Interracial Activism and African American Higher Education

in Schooling Citizens

Published by University of Chicago Press

Published in print December 2009 | ISBN: 9780226542492
Published online March 2013 | e-ISBN: 9780226542515 | DOI:
Interracial Activism and African American Higher Education

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In the early nineteenth century, African Americans' access to primary and religious instruction expanded, with few exceptions. However, higher education remained beyond reach. Most high schools and academies would not accept black students, even when they secured the preparation necessary for advanced study. Hoping to empower black people to access higher education independently, an interracial abolitionist alliance launched a movement in 1831. The alliance wanted to build the nation's first “African” college, and the campaign was spearheaded by Peter Williams, a black minister from New York, and Simeon Jocelyn, a white minister from New Haven. As they discussed the college in New Haven, African Americans in New York pursued a similar objective. Of all northern states in the antebellum period, Connecticut was the most hostile to both abolition and African American education. Yet New Haven's racism and anti-abolitionism were striking.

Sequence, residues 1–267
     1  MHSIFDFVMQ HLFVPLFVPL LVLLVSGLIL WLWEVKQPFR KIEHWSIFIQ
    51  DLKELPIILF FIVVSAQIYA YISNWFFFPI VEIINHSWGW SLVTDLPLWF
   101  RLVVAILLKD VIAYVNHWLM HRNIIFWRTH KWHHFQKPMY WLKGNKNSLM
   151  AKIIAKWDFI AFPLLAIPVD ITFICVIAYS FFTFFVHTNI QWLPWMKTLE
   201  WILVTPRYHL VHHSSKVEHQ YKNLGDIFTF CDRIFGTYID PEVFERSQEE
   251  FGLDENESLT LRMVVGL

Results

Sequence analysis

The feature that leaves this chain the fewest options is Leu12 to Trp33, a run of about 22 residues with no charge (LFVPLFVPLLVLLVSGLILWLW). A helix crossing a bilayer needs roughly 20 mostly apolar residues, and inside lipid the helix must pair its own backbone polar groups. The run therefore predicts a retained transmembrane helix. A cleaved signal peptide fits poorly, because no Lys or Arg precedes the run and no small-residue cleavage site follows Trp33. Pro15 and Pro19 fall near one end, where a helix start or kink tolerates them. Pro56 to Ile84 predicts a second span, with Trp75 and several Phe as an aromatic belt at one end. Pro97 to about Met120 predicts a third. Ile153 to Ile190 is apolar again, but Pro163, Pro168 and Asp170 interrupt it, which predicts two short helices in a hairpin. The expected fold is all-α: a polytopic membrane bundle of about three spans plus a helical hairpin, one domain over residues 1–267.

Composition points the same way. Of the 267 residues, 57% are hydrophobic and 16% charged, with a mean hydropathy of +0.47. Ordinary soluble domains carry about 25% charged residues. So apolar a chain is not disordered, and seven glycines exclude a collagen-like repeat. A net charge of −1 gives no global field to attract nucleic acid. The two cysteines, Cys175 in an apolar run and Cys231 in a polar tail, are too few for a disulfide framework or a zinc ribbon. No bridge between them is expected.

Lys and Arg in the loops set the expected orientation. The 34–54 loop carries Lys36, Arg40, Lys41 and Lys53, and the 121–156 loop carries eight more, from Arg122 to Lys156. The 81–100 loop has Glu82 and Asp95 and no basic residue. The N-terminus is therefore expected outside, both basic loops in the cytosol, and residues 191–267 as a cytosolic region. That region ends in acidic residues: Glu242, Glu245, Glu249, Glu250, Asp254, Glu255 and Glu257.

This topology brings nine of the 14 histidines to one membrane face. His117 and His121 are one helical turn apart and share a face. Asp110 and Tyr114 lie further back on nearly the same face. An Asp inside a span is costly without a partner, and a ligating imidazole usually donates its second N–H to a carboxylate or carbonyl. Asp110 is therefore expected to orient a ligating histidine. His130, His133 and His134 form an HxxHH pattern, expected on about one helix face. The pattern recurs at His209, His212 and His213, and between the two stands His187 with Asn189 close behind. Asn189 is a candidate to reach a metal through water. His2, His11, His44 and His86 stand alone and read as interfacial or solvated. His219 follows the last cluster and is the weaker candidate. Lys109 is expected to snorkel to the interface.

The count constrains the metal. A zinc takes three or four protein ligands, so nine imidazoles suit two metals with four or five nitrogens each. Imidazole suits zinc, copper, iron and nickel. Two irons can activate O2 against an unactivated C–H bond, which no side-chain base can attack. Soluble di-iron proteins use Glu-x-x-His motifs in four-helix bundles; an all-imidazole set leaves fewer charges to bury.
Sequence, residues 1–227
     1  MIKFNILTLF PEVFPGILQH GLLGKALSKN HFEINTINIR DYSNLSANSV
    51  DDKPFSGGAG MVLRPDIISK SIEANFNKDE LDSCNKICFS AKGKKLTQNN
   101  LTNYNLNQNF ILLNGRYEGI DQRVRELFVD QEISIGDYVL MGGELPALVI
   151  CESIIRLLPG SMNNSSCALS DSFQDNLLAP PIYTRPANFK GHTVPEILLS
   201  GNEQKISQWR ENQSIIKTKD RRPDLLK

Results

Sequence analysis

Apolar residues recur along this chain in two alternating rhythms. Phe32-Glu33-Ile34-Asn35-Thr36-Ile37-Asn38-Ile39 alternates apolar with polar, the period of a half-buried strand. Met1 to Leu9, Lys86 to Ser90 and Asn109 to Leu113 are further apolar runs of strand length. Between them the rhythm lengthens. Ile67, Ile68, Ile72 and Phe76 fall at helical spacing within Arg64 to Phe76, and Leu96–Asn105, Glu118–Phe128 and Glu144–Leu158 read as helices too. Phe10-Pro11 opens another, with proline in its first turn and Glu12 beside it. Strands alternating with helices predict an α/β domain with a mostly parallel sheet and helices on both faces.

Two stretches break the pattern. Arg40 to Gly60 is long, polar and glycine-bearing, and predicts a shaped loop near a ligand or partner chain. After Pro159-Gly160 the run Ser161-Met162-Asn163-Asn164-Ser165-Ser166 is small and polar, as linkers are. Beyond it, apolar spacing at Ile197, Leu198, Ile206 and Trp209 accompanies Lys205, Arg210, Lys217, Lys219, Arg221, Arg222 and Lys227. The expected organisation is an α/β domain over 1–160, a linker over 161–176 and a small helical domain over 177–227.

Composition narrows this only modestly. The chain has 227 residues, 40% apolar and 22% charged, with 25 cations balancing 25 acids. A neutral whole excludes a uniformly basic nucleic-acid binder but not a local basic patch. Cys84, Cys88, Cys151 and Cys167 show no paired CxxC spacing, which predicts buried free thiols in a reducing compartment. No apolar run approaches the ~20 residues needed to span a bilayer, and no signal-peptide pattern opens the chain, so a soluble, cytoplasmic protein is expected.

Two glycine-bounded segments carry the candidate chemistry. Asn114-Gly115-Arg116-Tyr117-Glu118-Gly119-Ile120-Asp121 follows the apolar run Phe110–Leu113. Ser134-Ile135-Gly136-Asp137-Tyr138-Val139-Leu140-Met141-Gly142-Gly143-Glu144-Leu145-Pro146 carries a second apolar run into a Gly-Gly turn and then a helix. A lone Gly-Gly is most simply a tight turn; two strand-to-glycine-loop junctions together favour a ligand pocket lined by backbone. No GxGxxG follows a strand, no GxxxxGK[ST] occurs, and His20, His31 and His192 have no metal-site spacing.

Keywords: African Americans; higher education; New Haven; Peter Williams; Simeon Jocelyn; New York; Connecticut; racism; anti-abolitionism

Chapter.  7712 words. 

Subjects: History of the Americas

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